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Behind The Curtain: “Bus Stop” brings together a diverse cast and crew

Cast and crew of UCC’s production of “Bus Stop” enjoy a moment of relaxtion before returning to rehersal.
Frederick Brenchley / Mainstream
Cast and crew of UCC’s production of “Bus Stop” enjoy a moment of relaxtion before returning to rehersal.

Enjoying a night at the theater can be an opportunity to escape the routines of a day. Live theater can blur the lines of reality so well that the audience may sometimes forget that the entertainment delivered is a labor of many individuals who each bring their own unique skill set to the final product.

“Bus Stop” debuts this weekend in the Centerstage Theatre in the Whipple Fine Arts building. The play a dramatic comedy written by William Inge tells the story of a group of travelers forced to seek shelter from a snowstorm in a diner 25 miles outside of  Kansas City in the 1950s.

To bring a play to stage most directors have the benefit of a full staff consisting of: stage managers, production assistants, actors, set designers, costume designers, make-up artists, marketing departments, administrators, food service workers and technical crews that have skills in various construction trades, sound, lighting, and special effects.

To accomplish all these tasks for “Bus Stop”, Director of  Theatre Studies Stephanie Newman had to bring together a cast and crew of  only 15, comprised of  theater veterans, community members, volunteers and first year students.

Guiding The Production:
Director, Stage Manager, Assistant Stage Manager, Production Assistant

Newman herself had to play the part of educator, mentor, director, set designer, set constructor and painter. Her husband Travis Newman assisted her in the construction, painting and special effects department.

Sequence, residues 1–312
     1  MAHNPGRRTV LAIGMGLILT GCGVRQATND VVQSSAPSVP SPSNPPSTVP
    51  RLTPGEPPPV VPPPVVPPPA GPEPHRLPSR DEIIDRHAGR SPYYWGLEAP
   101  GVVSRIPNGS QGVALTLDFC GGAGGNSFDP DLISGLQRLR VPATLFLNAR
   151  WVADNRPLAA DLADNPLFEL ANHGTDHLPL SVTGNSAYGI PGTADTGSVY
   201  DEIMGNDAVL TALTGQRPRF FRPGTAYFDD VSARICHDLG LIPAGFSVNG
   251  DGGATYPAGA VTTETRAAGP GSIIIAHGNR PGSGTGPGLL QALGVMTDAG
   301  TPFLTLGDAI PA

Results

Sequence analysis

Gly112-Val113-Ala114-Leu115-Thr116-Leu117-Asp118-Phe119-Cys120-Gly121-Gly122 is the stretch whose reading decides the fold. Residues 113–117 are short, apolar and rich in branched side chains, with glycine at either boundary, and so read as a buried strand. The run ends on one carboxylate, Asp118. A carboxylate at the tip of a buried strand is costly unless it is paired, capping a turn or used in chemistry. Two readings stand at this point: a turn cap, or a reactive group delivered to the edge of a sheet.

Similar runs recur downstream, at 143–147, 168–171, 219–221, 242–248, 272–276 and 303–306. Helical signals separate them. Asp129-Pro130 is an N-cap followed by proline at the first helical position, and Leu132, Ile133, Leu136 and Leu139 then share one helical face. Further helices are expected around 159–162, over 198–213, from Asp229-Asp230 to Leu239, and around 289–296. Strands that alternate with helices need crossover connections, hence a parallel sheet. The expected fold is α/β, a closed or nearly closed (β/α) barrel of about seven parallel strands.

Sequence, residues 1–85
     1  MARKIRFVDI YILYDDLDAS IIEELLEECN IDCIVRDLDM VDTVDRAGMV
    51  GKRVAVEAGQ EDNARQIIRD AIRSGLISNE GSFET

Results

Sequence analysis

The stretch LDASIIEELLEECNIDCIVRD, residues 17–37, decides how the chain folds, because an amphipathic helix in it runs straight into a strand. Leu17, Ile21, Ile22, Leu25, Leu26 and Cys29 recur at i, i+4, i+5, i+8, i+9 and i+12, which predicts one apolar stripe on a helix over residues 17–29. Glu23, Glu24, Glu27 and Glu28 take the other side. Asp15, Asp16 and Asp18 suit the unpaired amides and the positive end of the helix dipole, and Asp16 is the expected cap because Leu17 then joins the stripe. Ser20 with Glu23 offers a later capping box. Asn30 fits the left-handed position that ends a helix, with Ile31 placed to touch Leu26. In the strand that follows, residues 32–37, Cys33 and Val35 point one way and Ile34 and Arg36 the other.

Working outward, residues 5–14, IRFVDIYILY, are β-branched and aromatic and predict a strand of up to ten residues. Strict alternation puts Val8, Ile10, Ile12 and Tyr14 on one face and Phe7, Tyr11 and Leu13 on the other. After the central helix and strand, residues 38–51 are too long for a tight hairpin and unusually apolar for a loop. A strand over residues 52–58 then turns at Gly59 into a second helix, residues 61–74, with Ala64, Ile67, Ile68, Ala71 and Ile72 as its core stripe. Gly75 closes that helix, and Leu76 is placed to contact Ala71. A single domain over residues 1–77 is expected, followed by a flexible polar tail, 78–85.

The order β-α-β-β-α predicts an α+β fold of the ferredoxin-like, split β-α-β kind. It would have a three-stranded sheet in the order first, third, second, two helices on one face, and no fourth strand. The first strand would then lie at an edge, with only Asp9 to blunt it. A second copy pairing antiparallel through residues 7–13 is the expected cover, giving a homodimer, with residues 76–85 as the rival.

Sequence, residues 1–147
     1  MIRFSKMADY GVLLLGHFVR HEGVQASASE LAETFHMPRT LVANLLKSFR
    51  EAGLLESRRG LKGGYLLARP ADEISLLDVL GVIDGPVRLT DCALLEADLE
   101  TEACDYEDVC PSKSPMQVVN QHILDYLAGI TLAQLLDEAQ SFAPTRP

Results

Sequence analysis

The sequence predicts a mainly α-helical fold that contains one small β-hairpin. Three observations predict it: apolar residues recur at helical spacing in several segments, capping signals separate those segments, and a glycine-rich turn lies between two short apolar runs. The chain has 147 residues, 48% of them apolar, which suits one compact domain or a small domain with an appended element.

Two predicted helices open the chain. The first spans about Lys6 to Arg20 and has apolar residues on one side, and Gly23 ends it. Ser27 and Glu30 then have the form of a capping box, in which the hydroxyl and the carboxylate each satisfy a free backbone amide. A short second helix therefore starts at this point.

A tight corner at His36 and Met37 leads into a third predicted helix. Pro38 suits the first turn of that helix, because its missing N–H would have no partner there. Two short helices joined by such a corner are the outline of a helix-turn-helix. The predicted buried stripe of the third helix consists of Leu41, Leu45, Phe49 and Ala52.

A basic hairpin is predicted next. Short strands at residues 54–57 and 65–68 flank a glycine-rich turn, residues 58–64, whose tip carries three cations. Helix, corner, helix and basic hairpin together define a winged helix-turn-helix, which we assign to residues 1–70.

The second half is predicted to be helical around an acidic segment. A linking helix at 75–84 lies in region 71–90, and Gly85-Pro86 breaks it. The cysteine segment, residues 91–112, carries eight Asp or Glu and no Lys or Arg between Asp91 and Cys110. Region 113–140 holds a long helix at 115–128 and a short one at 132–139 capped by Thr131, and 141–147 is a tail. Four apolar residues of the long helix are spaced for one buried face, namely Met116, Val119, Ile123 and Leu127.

“I volunteered him,” Newman said.

According to Newman, to bring a play to the stage, one of the most important roles behind the scenes is a stage manager. Newman found her stage manager in Jonathan Pardon. Pardon, a student majoring in theater studies, had previous experience as an actor. This experience allowed him to fill the stage manager role for the first time.

A stage manager notes the director’s decisions on how the actors will move from one part of the stage to another (known as “blocking”) and will note when different lighting, sound and special effects (known as “cues”) will occur throughout the play. During the live production the stage manager calls these cues out via a headset to the lighting and technical director.  A stage manager  essentially organizes the entire production.

“One skill this experience has taught me is how to be better organized and prepared in all aspects of my life,” Pardon said.

“I regard the theatre as the greatest of all art forms, the most immediate way in which a human being can share with another the sense of what it is to be a human being.”

—Oscar Wilde

Emily Gier will help Pardon in additional behind the scenes tasks as assistant stage manager. Gier’s jobs may include hair and make-up assistance, prop and costume acquisitions, and important clerical and marketing duties.